Tuesday, January 12, 2016


The sense of smell often acts like a time machine. Unique, often incidental smells unlock powerful emotions that often send me back in time to forgotten memories, good and bad. I have been thinking a lot about memorable odours as of late.

A trip into the Freak Lunch Box with my boys sent me time traveling to Boniface's store, a cigar and candy store in Ingersoll, Ontario, that I used to frequent as a five and six year old. Suddenly, I could envision the glass bottles, the pitch and the creaking of the hard wood floor. and the pipe smoking gentleman who patiently took my dime in return for candy. I can also recall the the sense of excitement of being allowed to go there unaccompanied by an adult.

It was the extreme boundary of my independence. Exploration beyond the store was not permitted. Up Caroll, down King, past Mill and Water to the top corner of Thames Street. I was always tempted to cross the road at Mill Street at the entrance of Memorial Park and go for a slide.

While taking pictures of the tidal action at Middle Cove, a sudden whiff of fresh salty water and mist set off reverberations of how clean the harbour in St. Bernard's smelled when I was a young boy.  It is a kind of damp, fresh smell that always accompanied a nice natural tidal flush.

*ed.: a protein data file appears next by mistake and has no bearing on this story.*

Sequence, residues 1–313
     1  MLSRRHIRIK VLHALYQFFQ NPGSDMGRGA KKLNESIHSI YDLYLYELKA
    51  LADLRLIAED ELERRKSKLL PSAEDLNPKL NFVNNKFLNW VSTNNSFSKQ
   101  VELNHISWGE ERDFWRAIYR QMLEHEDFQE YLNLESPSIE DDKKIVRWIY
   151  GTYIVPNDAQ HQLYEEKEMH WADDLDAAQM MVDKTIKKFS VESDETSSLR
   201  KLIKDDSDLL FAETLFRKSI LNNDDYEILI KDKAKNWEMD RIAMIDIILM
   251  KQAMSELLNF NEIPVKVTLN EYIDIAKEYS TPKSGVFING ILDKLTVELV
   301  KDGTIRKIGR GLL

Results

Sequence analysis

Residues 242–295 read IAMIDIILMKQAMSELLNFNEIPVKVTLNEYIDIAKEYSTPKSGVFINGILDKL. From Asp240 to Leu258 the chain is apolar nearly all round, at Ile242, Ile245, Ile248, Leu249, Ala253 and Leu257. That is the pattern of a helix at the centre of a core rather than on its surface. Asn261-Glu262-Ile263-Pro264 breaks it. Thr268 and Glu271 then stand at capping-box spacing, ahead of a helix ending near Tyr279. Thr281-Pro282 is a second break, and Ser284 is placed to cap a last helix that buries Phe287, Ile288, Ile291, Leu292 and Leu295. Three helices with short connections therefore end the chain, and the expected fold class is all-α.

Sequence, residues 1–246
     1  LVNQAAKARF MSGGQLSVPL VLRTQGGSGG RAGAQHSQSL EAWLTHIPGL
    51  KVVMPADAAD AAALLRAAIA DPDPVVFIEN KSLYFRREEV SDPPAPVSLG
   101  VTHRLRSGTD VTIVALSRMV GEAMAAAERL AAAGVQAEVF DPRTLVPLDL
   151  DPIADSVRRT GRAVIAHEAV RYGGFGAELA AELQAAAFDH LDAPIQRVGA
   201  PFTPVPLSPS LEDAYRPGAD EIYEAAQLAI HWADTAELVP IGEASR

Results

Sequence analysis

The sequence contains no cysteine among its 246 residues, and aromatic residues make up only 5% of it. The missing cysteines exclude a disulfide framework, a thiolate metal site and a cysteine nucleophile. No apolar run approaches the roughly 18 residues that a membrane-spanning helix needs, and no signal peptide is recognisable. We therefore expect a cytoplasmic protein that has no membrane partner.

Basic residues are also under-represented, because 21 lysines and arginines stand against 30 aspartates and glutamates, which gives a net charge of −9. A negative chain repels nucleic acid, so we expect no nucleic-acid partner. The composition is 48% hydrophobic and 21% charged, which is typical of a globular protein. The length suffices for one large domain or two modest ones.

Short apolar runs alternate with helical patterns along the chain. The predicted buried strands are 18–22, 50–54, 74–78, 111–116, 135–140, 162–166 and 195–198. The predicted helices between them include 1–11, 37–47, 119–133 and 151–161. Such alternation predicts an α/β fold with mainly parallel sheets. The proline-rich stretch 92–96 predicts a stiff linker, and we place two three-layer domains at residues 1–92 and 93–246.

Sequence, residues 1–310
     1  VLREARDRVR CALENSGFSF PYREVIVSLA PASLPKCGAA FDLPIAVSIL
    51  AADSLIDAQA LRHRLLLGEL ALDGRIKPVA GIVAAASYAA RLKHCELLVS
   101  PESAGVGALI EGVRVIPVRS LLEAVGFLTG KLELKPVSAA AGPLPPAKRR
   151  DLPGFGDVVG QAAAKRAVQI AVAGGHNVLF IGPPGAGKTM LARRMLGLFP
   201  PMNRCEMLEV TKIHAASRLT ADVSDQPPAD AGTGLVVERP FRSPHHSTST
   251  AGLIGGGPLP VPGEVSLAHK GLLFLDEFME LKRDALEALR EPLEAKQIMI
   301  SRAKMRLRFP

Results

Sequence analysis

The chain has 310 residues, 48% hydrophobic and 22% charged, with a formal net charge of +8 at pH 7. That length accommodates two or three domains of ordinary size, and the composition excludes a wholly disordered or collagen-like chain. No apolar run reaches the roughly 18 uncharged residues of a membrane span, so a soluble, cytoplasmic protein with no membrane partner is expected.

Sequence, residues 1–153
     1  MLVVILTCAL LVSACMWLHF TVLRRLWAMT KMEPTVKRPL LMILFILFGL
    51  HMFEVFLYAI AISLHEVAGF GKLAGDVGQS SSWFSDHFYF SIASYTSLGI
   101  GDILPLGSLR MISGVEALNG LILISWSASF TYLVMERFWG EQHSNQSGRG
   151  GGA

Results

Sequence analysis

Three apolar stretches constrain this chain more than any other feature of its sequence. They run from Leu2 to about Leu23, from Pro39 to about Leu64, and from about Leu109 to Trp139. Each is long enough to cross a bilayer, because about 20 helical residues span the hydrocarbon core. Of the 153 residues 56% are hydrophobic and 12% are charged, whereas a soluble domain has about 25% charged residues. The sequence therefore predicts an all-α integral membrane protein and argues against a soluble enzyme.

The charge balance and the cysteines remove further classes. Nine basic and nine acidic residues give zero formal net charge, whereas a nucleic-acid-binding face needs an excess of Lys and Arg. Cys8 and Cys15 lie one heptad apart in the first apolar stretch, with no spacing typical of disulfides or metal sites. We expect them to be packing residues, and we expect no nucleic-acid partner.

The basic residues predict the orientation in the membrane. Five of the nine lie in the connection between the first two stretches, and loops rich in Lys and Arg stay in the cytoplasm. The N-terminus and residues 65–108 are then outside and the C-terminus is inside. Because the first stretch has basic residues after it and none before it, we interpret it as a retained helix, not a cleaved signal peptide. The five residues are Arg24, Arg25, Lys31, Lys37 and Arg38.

A trip to Afterwards used bookstore always makes me feel warm inside. The enduring smell of old books reminds me of those days when mom would let me go down to Sammy Parrot's house on the other side of the harbour for books. Sammy, a lot older than me, was a fervent reader of science-fiction.  He lived with his aging parents, George and Olive. He was as close to a shut-in as I knew. However, he hoarded books. Every now and than he would give me a garbage bag full of paperbacks.  I looked forward to going down their. I will always associate the musky smell of old paper with Sammy's kindness.

Than there are those occasional evocative memories like the smell of stale tobacco which brings back memories of Father Bennett's breath and hanging out at the parish house reading comics and National Geographic.

Why is smell so linked to memory? Why do some scents unlock forgotten memories thrusting you back in time with such vivid recall. How does smell become associated with people, places, events and experiences?

It all comes back to our individual CPU - our brains and our unique memories.  Apparently, our olfactory bulbs are designed to interact with the parts of the brain that store our emotional memories.

Who says we can not time travel, now if only I could change a few things on these trips!

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